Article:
Advantageous (US Dramatic Competition)—Jennifer Phang, director; Jacqueline Kim and Jennifer Phang, screenwriters
In a near-future city where soaring opulence overshadows economic hardship, Gwen and her daughter, Jules, do all they can to hold on to their joy, despite the instability surfacing in their world. Cast: Jacqueline Kim, James Urbaniak, Freya Adams, Ken Jeong, Jennifer Ehle, Samantha Kim.

Being Evel (US Documentary Competition)—Daniel Junge, director
Millions know the man, but few know his story. Academy Award-winner Daniel Junge (Saving Face) and actor/producer Johnny Knoxville take a candid look at American daredevil and icon Robert “Evel” Knievel while reflecting on our voracious public appetite for heroes and spectacle.

Fresh Dressed (Documentary Premieres)—Sacha Jenkins, director
The history of hip-hop fashion from its birth in the South Bronx to its rise as a billion-dollar global industry, Fresh Dressed is supported by rich archival materials, in-depth interviews with individuals crucial to the evolution, and the outsiders who study and admire them.

Things of the Aimless Wanderer (New Frontier)—Kivu Ruhorahoza, director and screenwriter
A white man meets a black girl, then she disappears. The white man tries to understand what happened to her while also trying to finish a travelogue. Things of the Aimless Wanderer is a film about the sensitive topic of relations between “locals” and Westerners, and about paranoia, mistrust, and misunderstandings. Cast: Justin Mullikin, Grace Nikuze, Ramadhan Bizimana, Eliane Umuhire, Wesley Ruzibiza, Matt Ray Brown. World Premiere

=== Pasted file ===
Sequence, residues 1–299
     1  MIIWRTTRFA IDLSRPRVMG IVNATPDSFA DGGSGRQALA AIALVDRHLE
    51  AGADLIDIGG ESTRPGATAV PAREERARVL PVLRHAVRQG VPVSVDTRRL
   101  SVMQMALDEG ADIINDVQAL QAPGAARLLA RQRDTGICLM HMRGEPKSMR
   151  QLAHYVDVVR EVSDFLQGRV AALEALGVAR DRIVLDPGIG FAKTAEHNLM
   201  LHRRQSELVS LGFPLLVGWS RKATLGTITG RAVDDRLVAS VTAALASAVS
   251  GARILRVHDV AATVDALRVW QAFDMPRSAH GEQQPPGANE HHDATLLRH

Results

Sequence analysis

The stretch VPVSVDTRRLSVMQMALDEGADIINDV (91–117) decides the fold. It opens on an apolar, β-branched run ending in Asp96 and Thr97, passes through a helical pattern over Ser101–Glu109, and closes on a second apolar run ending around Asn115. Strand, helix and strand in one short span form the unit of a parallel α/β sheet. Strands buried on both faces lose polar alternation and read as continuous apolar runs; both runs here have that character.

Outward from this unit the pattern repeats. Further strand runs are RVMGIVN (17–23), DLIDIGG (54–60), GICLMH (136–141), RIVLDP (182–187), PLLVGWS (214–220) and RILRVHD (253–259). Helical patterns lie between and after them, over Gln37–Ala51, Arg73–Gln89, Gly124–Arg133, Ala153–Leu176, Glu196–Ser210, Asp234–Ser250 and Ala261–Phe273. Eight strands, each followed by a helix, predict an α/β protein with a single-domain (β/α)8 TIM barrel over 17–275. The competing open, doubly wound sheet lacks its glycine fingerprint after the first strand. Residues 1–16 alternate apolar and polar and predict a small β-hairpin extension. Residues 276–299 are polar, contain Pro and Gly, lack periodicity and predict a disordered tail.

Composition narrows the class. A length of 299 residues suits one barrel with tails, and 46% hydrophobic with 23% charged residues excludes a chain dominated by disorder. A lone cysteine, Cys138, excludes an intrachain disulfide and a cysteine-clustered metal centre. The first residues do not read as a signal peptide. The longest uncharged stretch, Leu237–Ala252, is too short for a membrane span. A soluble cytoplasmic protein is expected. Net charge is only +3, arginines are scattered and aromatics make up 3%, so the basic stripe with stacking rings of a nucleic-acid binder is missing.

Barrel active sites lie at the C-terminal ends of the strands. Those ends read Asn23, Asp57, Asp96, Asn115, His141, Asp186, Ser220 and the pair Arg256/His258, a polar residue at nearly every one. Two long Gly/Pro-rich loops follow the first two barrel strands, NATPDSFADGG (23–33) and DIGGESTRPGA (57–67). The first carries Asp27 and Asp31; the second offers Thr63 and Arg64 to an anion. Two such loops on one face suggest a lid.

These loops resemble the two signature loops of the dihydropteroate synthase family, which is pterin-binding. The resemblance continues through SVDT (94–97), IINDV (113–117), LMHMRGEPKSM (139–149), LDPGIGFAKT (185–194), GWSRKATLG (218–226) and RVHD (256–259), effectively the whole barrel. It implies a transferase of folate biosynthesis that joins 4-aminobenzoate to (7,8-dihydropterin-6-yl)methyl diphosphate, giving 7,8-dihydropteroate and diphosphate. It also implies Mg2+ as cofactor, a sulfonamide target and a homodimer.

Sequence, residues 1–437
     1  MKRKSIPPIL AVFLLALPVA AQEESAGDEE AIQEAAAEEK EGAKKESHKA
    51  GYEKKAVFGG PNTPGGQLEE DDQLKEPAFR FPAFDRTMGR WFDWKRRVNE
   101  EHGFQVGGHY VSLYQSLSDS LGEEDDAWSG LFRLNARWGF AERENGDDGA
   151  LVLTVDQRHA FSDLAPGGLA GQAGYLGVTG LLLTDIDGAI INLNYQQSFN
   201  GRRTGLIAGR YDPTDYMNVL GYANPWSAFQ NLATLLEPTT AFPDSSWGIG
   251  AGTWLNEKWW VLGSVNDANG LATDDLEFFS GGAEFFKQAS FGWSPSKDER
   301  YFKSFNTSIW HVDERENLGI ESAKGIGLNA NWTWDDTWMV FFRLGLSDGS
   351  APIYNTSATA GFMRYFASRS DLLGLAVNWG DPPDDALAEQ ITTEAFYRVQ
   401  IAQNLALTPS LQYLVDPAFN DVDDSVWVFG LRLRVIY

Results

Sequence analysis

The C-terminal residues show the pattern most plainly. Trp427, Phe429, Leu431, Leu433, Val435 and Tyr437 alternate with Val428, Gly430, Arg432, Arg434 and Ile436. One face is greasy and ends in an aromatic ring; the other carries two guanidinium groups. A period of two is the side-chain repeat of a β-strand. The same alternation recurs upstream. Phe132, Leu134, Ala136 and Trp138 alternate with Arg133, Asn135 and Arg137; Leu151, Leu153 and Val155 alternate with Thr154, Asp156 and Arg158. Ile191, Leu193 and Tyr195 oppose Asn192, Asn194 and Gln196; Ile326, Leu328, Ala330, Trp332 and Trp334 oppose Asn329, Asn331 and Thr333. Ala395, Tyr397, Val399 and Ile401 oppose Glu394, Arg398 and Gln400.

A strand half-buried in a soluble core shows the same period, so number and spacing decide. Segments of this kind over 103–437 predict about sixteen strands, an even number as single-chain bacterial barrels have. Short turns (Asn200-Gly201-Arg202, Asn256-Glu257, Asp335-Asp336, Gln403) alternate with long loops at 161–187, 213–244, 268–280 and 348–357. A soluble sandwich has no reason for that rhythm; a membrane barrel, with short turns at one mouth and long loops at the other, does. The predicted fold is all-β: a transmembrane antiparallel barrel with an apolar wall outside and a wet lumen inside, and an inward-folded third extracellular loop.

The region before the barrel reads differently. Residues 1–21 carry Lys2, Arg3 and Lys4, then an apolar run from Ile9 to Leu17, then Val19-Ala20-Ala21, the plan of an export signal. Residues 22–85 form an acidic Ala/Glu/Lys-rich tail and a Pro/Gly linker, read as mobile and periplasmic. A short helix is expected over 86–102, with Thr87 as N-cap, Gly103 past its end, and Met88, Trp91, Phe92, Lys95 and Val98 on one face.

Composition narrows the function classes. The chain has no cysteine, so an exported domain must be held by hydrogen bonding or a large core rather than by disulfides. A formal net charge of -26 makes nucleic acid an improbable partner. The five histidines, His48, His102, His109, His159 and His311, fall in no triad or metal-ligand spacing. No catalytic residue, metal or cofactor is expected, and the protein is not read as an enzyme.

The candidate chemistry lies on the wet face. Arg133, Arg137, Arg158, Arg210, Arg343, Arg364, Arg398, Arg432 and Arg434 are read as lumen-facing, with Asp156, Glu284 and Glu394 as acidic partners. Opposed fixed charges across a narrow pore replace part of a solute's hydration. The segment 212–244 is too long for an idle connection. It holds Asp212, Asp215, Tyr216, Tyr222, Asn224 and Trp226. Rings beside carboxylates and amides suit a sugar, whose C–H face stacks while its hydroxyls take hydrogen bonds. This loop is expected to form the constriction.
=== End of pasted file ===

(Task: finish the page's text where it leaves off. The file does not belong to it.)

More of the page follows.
Cop Car (Park City at Midnight)—Jon Watts, director; Christopher D. Ford and Jon Watts, screenwriters
Two ten-year-old boys steal an abandoned cop car. World Premiere. Cast: Kevin Bacon, James Freedson-Jackson, Hays Wellford, Shea Whigham, Camryn Manheim.

Short films

Every Day—Gabe Spitzer, director

Followers—Tim Marshall, director

Greenland—Oren Gerner, director

Hotel 22—Elizabeth Lo, director

Making it in America—Joris Debeij, director

OM Rider—Takeshi Murata, director

Palm Rot—Ryan Gillis, director

Papa Machette—Jonathan David Kane, director

Russian Roulette—Ben Aston, director

Symphony no. 42—Réka Bucsi, director

Storm hits jacket—Paul Cabon, director

The Sun Like a Big Dark Animal—Christina Felisgrau and Ronnie Rivera, directors

The Face of Ukraine: Casting Oksana Baiul—Kitty Green, director

The Collectors: Beekeeper—Steven Cantor, director
The Sundance Film Festival takes place January 22–February 1 in Park City, Utah. Check the Sundance Film Festival website for the schedule and theatre listings.

Learn more about the Pro Video Tools in Adobe Creative Cloud.

11:20 AM Permalink

An Adobe Inspire Webinar with Designer Maria Grønlund

Designer Maria Grønlund will demonstrate her I speak fluid colors technique on January 14 during the inaugural session of Adobe Inspire’s new webinar series Inspire: Artists at Work.

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With its new series, “Inspire: Artists at Work,” the Adobe Inspire team wanted to provide something a bit different from a typical online tutorial. We envisioned events that would not only give participants new skills and teach them new techniques, but also spark their creativity and inspire them to try new things. We wanted to provide an over-the-shoulder look at an artists’ creative processes, as well as a peek at their inspirations.